Fashion Weekly

Slip n’ spray

January 13 - 19, 2021
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Gulf Weekly Naman Arora
By Naman Arora




Gulf Weekly Slip n’ spray

SPRAYING street artist Aref Mohammed Guloom, better known by his pseudonym Ayfu, is adding a touch of graffiti to footwear across the kingdom with his latest creations.

Ayfu has been busy creating unique men’s slippers painted with airbrush and spray-painted themes in a bid to normalise graffiti in the streets of Bahrain.

“I have been experimenting on slide slippers, using some of my spray paints and airbrushes,” the 25-year-old tagger told the GulfWeekly.

“I do each piece by hand and every one of them is unique. It takes me about an hour per pair, and it’s been exciting bringing some of the knowledge and skills I have learned from graffiti into a new field.”

While Covid-19 dampened the spirits of many people last year, the young Bahraini street artist used the time to sharpen his skills, redecorating streets across the kingdom, including Block 338 and The Avenues mall as well as food trucks.

Now, he is bringing that style to slide slippers.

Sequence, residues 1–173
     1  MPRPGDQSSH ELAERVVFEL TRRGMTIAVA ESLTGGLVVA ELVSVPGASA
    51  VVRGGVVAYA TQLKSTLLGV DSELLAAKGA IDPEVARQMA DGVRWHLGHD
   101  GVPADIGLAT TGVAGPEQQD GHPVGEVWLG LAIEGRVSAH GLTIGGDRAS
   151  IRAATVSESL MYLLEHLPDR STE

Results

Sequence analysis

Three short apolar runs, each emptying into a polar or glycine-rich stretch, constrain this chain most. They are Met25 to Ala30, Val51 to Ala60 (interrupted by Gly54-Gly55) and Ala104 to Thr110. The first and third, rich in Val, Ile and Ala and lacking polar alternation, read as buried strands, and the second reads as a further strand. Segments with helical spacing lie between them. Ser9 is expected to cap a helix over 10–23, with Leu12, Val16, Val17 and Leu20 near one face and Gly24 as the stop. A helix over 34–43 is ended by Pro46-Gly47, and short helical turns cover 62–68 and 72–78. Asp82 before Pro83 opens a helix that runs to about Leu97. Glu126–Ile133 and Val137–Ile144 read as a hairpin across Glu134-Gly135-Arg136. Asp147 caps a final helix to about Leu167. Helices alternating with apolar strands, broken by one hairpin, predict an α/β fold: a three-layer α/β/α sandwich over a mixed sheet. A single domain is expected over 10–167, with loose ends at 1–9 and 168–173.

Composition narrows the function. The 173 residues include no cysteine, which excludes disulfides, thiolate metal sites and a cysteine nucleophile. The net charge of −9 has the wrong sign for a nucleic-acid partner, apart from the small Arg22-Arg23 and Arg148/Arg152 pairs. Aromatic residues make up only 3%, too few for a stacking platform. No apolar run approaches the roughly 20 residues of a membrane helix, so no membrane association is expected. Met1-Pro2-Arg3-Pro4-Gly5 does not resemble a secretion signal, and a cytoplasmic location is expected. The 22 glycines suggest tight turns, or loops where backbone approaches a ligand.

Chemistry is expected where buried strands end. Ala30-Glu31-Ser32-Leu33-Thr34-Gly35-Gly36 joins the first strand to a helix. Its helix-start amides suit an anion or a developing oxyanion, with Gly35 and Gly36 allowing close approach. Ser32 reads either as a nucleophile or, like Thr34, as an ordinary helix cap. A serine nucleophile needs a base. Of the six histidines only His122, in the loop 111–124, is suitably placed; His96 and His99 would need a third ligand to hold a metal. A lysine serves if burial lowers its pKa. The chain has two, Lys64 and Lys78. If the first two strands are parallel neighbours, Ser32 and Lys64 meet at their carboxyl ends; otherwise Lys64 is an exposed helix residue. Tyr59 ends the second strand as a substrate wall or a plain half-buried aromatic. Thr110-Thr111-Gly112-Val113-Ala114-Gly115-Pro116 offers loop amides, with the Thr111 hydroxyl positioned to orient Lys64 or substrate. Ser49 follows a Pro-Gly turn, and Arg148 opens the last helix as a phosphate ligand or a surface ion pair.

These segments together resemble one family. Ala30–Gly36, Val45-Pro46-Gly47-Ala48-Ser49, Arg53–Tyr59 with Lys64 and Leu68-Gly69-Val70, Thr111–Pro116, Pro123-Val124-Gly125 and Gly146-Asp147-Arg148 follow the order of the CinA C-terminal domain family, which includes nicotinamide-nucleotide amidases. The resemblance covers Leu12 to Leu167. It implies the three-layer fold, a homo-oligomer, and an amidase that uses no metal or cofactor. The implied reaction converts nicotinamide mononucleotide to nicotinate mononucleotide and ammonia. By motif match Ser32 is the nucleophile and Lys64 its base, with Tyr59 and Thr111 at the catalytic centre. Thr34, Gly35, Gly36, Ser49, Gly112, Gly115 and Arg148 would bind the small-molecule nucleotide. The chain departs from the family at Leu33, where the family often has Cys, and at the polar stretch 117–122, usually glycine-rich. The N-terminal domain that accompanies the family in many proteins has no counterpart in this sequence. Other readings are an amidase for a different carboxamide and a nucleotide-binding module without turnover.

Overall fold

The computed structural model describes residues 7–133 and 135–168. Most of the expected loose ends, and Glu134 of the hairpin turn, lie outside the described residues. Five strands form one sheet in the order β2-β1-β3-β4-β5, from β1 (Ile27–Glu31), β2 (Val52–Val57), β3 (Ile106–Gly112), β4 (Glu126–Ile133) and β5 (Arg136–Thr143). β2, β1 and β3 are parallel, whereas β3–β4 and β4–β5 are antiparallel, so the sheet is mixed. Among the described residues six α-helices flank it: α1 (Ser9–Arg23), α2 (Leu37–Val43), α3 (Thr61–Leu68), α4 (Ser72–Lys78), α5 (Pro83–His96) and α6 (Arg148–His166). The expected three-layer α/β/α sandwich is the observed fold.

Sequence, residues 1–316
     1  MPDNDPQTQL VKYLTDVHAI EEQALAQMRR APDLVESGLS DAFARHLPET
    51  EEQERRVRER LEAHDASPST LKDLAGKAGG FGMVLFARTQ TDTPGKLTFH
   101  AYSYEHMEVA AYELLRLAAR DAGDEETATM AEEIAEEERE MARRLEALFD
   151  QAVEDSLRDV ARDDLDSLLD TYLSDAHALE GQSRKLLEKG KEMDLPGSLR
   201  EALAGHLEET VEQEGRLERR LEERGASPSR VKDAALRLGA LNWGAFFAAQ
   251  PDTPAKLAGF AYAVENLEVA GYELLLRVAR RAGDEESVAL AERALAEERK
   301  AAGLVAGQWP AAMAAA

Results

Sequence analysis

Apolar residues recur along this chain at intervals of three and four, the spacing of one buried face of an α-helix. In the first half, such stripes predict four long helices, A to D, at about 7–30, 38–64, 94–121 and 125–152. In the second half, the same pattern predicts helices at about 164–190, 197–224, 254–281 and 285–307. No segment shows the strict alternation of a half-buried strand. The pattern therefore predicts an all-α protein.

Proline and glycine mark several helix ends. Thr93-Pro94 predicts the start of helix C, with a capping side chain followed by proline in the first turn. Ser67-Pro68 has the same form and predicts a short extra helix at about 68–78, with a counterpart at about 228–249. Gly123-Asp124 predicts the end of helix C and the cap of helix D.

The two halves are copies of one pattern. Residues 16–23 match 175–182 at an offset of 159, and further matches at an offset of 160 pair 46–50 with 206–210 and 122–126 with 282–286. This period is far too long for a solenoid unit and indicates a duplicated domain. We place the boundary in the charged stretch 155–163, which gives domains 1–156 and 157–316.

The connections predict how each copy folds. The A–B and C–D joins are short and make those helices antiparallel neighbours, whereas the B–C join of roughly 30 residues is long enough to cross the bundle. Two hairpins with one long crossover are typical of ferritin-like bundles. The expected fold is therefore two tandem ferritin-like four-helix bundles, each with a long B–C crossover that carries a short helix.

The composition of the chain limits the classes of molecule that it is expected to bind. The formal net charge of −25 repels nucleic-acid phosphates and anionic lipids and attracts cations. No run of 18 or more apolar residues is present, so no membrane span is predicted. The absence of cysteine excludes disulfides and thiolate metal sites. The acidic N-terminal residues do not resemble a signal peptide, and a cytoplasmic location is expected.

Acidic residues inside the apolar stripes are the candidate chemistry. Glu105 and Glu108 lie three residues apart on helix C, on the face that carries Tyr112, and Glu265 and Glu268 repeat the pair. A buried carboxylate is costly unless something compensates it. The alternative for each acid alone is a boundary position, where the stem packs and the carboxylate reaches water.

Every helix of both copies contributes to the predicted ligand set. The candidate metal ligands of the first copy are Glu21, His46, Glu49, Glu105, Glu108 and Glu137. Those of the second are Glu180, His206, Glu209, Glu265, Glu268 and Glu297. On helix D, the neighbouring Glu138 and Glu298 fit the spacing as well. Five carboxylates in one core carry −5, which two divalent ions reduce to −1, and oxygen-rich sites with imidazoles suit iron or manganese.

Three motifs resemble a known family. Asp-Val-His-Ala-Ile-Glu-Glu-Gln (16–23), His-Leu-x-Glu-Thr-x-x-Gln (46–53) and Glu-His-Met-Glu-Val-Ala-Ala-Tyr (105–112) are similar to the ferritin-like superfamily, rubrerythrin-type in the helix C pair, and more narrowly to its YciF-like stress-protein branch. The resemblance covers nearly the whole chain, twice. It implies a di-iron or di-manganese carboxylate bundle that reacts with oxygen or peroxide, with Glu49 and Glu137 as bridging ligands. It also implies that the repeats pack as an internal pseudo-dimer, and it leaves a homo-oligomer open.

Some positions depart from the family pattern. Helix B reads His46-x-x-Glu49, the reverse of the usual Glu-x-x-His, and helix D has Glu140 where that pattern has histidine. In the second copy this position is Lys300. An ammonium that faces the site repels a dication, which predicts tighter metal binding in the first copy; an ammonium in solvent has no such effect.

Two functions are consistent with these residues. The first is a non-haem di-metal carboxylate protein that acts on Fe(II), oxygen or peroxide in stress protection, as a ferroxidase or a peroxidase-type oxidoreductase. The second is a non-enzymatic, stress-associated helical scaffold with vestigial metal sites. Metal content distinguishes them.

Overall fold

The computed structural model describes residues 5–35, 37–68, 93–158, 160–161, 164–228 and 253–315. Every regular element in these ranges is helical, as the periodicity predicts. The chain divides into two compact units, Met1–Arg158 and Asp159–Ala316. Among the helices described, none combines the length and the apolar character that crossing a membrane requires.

For each pair, he starts off by marking off the areas not to be recoloured, like the sole and the brand tag, with masking tape.

He then uses his spray paint to colour some water with unique patterns into which each of the slippers goes for a few minutes.

After taking them out and drying them, he adds his own unique touches with brushes and air brushes. Each slipper is available for a nominal price.

While painted slippers may seem like a strange use of his talents, Ayfu wants to pay homage to his love for hip hop with each pair.

While a decade or two ago, it might have been unthinkable for rappers and hip hop artists to wear slide slippers, more and more top rappers are now stepping away from sneakers and sliding into the slipper game.

The Wu-Tang Clan and Riff Raff are just two of the numerous artists to start selling slides featuring their artwork.

The new project is Ayfu’s first attempt at becoming a full-time artist.

He recently quit his full-time job, having made a name for himself in the kingdom’s burgeoning graffiti community and plans to devote most of his time to the craft.

Instead of sticking to art exhibitions and galleries, Ayfu hopes to make street art part of people’s daily lives, whether or not they are taggers themselves.

He has also been busy training other up-and-coming artists on the nuances of the art form. He has started the Art Attack Krew, a collective of more than 14 street artists, including Samar Bushehri, Salman Aljar, Fatima Mirza, Isa Mansoor, Çağla Akpınar, Hussam Ali Aradi and Sara Mohammed.

He will also take up the role of a street art trainer at one of the kingdom’s performance art studios in the new year, hoping to train young street artists like him.

For more information, follow @ayfu.official on Instagram.







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